2016 log (10)

(30 Sep-26 Oct) Luke Cage (2016, Cheo Hodari Coker)
[ The first episode doesn’t start with a bang, but in this case, it’s a good thing. I just loved hanging out in Harlem with Luke Cage (Mike Colter), following him at work, first in a barbershop, then in a nightclub, watching him interact with various people, including some “hot and dark” ladies like Misty Knight (Simone Missick). Meanwhile, we meet Cottonmouth (Mahershala Ali), Shades (Theo Rossi) and other mean motherfuckers, as the show establishes itself a modern-day, hip-hop-era Blaxploitation gangster epic. By the time Cage finally shows what an unbreakable badass he is at the end of this first episode, we’re totally ready to take it all in. Second episode is also a wonderful slowburn, with more hanging out at Pop’s Barbershop, more soul music at Harlem’s Paradise, but also more grittiness, tension and violence. Showrunner Cheo Hodari Coker, who wrote the first two episodes himself, really knows how to lay down the atmosphere, but he also knows how to make things sizzle. Episode after episode, I just loved this show more and more, with its great cast of characters, hardboiled dialogue, awesome musical numbers in the early episodes (Raphael Saadiq, Faith Evans, Charles Bradley) and then yeah, the occasional outburst of over-the-top comic book action! The consensus seems to be that it’s too slow, that there are too many episodes or whatnot, but I just enjoyed being with these soulful cats in Harlem, I didn’t care that the show took its time getting to wherever it was heading. Isn’t that the fun of a TV series, getting to spend more time with the characters? I haven’t even mentioned the crooked councilwoman played by Alfre Woodard; good old “night nurse” Claire Temple, played by the Sam Jackson of the Netflix MCU, Rosario Dawson; and the “hidden” villain of the series, Diamondback (Erik LaRay Harvey)… You know, plot isn’t everything, you don’t need a twist every ten minutes – but it isn’t like there aren’t some killer twists every other episode in “Luke Cage”! Like, this is one of the most ruthless shows I’ve ever seen, important characters keeps dying throughout the series, it’s hardly completely uneventful. Plus there’s this whole “Black Lives Matter” political undertone (overtone?), with our hero being wrongfully hunted down by cops. Say what you will about this series, but I find the image of Luke Cage in a hoodie riddled with bullets to be one of the most powerful pop-culture images of 2016. And clearly, the makers of the show knew what they hand in their hands, because [SPOILER] they actually go all in with that image in the penultimate episode, even having Method Man rap about it! ]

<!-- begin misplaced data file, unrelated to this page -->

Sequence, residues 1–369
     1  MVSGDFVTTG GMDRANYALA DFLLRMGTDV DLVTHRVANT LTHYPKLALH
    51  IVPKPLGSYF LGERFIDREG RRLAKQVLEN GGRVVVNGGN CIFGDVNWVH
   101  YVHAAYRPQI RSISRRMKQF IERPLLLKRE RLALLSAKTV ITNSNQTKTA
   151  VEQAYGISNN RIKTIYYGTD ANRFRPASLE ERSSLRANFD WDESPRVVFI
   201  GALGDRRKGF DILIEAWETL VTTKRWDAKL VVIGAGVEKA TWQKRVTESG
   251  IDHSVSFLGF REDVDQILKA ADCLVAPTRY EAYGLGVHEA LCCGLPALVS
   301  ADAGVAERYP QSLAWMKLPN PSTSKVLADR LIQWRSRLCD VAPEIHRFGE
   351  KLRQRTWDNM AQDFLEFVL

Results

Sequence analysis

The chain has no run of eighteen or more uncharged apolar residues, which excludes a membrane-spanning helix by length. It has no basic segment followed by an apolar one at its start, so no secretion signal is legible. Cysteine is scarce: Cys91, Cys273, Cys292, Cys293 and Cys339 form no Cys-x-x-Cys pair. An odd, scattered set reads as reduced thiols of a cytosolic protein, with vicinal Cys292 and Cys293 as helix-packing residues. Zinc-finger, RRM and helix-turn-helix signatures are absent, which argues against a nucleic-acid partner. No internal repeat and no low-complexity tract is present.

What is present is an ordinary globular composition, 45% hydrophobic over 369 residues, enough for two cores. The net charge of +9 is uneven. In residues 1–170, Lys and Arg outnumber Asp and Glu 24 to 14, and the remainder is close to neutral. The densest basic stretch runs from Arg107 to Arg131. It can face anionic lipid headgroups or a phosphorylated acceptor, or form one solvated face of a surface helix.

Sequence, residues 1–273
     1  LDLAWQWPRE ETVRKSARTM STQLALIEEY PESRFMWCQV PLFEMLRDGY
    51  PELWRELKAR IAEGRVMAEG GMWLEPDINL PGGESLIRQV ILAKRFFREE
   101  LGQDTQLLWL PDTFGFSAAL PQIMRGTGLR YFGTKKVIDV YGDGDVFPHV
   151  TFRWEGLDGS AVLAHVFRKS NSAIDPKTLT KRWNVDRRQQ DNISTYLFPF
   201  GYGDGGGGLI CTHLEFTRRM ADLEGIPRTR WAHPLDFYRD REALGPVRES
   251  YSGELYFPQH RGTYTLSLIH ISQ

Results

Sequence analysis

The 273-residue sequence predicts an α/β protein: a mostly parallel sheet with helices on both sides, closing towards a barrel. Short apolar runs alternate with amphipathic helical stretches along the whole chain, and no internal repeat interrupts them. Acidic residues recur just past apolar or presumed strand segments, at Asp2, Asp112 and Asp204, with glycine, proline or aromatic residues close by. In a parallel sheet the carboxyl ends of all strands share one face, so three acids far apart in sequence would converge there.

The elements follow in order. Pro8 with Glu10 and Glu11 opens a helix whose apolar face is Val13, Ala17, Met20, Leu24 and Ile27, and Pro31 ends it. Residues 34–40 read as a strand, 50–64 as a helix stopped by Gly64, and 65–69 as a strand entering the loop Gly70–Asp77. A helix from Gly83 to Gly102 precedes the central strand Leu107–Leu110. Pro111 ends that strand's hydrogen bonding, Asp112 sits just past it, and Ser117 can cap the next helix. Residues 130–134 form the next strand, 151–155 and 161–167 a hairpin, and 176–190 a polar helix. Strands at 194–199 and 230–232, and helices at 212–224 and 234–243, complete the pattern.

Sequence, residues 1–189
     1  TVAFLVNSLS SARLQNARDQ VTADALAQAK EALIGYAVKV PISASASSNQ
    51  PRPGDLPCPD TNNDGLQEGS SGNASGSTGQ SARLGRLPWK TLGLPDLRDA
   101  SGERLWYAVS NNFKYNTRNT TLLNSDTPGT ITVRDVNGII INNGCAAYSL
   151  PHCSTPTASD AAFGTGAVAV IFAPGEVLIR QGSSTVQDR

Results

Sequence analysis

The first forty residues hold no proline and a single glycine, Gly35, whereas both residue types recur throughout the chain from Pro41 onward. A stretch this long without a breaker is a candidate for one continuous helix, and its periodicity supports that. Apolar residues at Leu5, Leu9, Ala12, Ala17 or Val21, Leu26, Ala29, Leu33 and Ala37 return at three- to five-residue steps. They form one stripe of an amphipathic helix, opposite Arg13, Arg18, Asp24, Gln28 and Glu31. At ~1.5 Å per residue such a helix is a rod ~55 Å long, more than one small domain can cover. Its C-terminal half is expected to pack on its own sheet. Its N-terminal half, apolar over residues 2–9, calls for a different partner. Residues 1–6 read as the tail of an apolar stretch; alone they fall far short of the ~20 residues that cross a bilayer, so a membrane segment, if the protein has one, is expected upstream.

(1 Oct) Spaceman (2016, Brett Rapkin) 60
[ Reviewed on Extra Beurre ]

(2 Oct) High School Musical 3: Senior Year (2008, Kenny Ortega) 62
[ Maybe you hate musicals, maybe you hate high school movies… Then why would you be watching this? I happen to love musicals and I enjoy a bright and colorful high school movie, so I had a good time watching this utterly harmless, inconsequential, white-bread flick. It’s not high art or anything, but the songs are often fun and Kenny Ortega knows a thing or two about choreographing dance numbers. Good times! ]

(6 Oct) American Honey (2016, Andrea Arnold) 92
[ Reviewed on Extra Beurre ]

(7 Oct) 13th (2016, Ava DuVernay)
[ The United States: 5% of the world’s population; 25% of its prisoners, 40.2% of whom are African-American. Why? This provocative, infuriatingly relevant Netflix documentary’s thesis is that following the abolition of slavery (the 13th amendment), white folks basically started excessively arresting, convicting and imprisoning black people, often for minor crimes (loitering, vagrancy) – slavery in disguise. Going quickly through the post-Civil War history of racism in America (“The Birth of a Nation,” the KKK, lynchings, Jim Crow segregation, etc.), the film then gets right down to this idea of “mass incarceration” via Nixon and then Reagan’s War on Drugs, which conveniently led to locking up tons of black people for simple possession, and to Bill Clinton’s controversial 1994 crime bill (which he himself now renounces). The second half of the film focuses on the prison industrial complex, while also touching on the Black Lives Matter movement and, in the most powerful sequence, directly linking Donald Trump and his supporters to the U.S.’s shameful history of racism, what he calls “the good old days.” ]